Transient aphasias are often observed in the first few days after a patient has undergone resection in the language-dominant hemisphere. The aims of this prospective study were to characterize the incidence and nature of these aphasias and to determine whether there are relationships between location of the surgical site and deficits in specific language domains.
One hundred ten patients undergoing resection to the language-dominant hemisphere participated in the study. Language was evaluated prior to surgery and 2–3 days and 1 month postsurgery using the Western Aphasia Battery and the Boston Naming Test. Voxel-based lesion-symptom mapping was used to identify relationships between the surgical site location assessed on MRI and deficits in fluency, information content, comprehension, repetition, and naming.
Seventy-one percent of patients were classified as aphasic based on the Western Aphasia Battery 2–3 days postsurgery, with deficits observed in each of the language domains examined. Fluency deficits were associated with resection of the precentral gyrus and adjacent inferior frontal cortex. Reduced information content of spoken output was associated with resection of the ventral precentral gyrus and posterior inferior frontal gyrus (pars opercularis). Repetition deficits were associated with resection of the posterior superior temporal gyrus. Naming deficits were associated with resection of the ventral temporal cortex, with midtemporal and posterior temporal damage more predictive of naming deficits than anterior temporal damage. By 1 month postsurgery, nearly all language deficits were resolved, and no language measure except for naming differed significantly from its presurgical level.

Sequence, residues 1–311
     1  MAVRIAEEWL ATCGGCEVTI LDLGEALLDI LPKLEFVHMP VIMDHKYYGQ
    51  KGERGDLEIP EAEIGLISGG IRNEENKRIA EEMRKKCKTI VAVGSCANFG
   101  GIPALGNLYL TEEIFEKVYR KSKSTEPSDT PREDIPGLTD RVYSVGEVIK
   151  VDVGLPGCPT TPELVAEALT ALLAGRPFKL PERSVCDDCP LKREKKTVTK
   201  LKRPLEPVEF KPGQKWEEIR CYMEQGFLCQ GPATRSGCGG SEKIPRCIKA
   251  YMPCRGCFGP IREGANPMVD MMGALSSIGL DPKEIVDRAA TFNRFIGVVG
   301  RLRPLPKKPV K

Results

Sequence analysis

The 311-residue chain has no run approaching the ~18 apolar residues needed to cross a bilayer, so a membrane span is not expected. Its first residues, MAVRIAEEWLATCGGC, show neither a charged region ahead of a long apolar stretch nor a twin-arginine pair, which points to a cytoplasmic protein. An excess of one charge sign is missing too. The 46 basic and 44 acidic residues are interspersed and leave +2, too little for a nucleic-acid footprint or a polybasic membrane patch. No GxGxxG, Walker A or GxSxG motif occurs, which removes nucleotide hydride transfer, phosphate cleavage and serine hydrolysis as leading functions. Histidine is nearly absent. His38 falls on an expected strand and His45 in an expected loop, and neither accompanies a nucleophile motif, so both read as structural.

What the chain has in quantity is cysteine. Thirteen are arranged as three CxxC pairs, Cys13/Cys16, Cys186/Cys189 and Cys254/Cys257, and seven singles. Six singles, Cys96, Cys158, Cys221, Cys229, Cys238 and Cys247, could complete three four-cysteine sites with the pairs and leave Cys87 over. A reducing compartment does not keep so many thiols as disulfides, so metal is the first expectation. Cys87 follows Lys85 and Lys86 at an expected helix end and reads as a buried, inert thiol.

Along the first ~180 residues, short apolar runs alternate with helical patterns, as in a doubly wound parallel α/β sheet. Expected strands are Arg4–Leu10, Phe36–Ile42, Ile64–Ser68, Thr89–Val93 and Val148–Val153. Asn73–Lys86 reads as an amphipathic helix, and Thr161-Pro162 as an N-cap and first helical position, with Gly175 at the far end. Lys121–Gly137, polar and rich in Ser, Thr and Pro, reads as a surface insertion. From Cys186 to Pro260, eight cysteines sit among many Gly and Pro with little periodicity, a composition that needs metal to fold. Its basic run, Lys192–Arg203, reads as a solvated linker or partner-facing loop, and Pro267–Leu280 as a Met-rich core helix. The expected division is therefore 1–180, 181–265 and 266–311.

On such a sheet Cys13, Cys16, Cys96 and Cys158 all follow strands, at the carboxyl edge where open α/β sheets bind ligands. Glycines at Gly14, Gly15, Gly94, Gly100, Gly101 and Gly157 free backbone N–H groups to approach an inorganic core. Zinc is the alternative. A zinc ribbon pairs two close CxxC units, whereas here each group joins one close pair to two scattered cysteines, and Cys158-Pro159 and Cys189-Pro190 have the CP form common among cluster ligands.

These findings show that transient aphasias are very common after left hemisphere resective surgery and that the precise nature of the aphasia depends on the specific location of the surgical site. The patient cohort in this study provides a unique window into the neural basis of language because resections are discrete, their locations are not limited by vascular distribution or patterns of neurodegeneration, and language can be studied prior to substantial reorganization.